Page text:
Whilst there is evidence of increased cell death when NMO-IgG is incubated with AQP4 expressing CHO cells there is no visible evidence that directly proves that this is due to compliment activation or even that complement has been activated.
Due to time and resource constraints, there were many controls which could not be used in this study. This does not discredit the results found but only means that to progress the results further these controls would need to be taken into account. By identifying controls it not only allows for better understanding on how to develop the results but allows potential influences to be considered and evaluated.
The first such control was the use of only M23 AQP4 expressing cells. The reason for this is that currently there is no available fluorescent antibody marker for the M1 isoform. In the human brain the two isoforms found are M1 and M23, with M23 being significantly more abundant (36) however the results are not expected to differ greatly as they appear to be functionally identical. (36) However these tests where only conducted in-vitro with no functionality tests being performed in-vivo.
Another control considered was the use of a C5B9 stain. Time constraints meant it was not possible to do this control. A C5B9 stain stains for the C5B9 molecule which is produced during the activation of complement. This would have shown whether the increased cell death may be attributed to complement with a greater certainty.
A further control would be the use of aquaporin 9. This is also an abundant water molecule in the brain. Whilst there is no evidence that NMO-IgG targets the AQP9 protein, it would be a good control to use as it would further strengthen the hypothesis that NMO-IgG is selective for AQP4 only.
4.4 Further research or investigations.
Whilst the results gathered are encouraging in supporting the hypothesis that NMO-IgG can activate complement in vitro, it does not necessarily mean the same occurs in vivo. Astrocytes are known to be very resistant to complement lysis as they contain many complement regulatory proteins such as CD46, CD55 and CD59 (41). This could potentially alter the results as the CHO cells used in this experiment have no such protection from complement lysis.
Another direction for future investigations would be to attempt to discover the mechanism for the production of NMO-IgG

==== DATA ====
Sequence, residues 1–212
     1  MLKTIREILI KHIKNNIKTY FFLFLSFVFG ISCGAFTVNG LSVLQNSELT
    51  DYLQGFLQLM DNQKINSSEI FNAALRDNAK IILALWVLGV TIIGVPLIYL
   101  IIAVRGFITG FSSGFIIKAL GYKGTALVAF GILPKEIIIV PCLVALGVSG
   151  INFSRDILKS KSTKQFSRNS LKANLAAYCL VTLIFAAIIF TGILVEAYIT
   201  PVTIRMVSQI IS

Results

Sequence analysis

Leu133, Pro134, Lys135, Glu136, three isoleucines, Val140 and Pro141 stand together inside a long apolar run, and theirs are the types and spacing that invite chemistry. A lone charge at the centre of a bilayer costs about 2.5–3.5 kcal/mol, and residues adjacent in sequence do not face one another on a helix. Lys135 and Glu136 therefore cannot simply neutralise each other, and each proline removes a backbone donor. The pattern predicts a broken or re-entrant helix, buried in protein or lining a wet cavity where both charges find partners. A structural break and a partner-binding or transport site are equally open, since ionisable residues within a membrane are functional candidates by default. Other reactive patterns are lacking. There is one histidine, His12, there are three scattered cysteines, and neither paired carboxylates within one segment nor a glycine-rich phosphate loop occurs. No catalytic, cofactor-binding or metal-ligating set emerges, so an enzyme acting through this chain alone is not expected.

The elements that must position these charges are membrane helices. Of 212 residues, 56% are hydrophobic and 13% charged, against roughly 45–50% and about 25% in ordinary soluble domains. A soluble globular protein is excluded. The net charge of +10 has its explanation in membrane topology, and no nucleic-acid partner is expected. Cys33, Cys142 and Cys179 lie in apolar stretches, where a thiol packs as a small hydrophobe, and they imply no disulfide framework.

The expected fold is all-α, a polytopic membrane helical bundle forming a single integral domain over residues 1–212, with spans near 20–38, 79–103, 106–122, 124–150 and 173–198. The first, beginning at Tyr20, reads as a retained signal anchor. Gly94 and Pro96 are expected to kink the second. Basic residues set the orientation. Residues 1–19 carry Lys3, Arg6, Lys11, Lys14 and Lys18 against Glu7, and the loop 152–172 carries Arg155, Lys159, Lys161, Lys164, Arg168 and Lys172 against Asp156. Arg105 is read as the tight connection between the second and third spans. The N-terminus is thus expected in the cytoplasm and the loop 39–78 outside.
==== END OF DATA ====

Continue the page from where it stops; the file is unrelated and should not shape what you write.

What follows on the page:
The aim of this research project was to determine the ability of NMO-IgG to activate complement in vitro. The results obtained from this project appear significant enough to come to the conclusion that NMO-IgG can activate complement in vitro, but only in the presence of AQP4 expressing cells. This is supportive of the previous experiment conducted by Saadoun et al. (23)
The results from the incubation of NMO-IgG with AQP4 expressing CHO cells in the presence of human complement showed a marked increase in cell death over either the control or when AQP1 expressing CHO cells where used. Complement activation has been proven to be lytic to neuronal cells (42) and it would appear that the increase in cell death is due to activation of complement; however this conclusion cannot be conclusively drawn.
NMO is a rare disease, and this project one of very few which have tried to characterise the role NMO-IgG has on complement activation. The findings of this study cannot conclusively prove or disprove the hypothesis that NMO-IgG will activate complement in the presence of AQP4 expressing CHO cells and human complement. While there was a significant difference between increased cell death when NMO-IgG is incubated with AQP4 expressing CHO cells, than with the respective control, we cannot prove that the cell death was due to complement activation and could have been due to other factors. Moreover even if complement was activated, it cannot be said that it was due solely to NMO-IgG activation.
While we were not able to draw unequivocal conclusions about the role of NMO-IgG and its ability to activate complement in NMO, this project could serve as a pilot study providing a good basis and experimental procedure that future studies may be able to use to prove that this cell death is due specifically to complement by simple utilisation of the xxx stain, or perhaps other cytotoxic factors.
With more research, a characterisation of the exact role of NMO-IgG as well as any cytotoxic factors on NMO neuronal cells will enable more specific treatments targeted against these specific factors. With NMO a disease with no cure and few management options, target of these factors may inhibit the progression of the disease providing a more favourable prognosis for sufferers. Furthermore understanding the role of NMO-IgG may not increase our understanding of NMO but could potentially enable better methods for diagnosis and treatment in other autoimmune diseases, especially demyelinating diseases which may have a similar pathophysiology to NMO.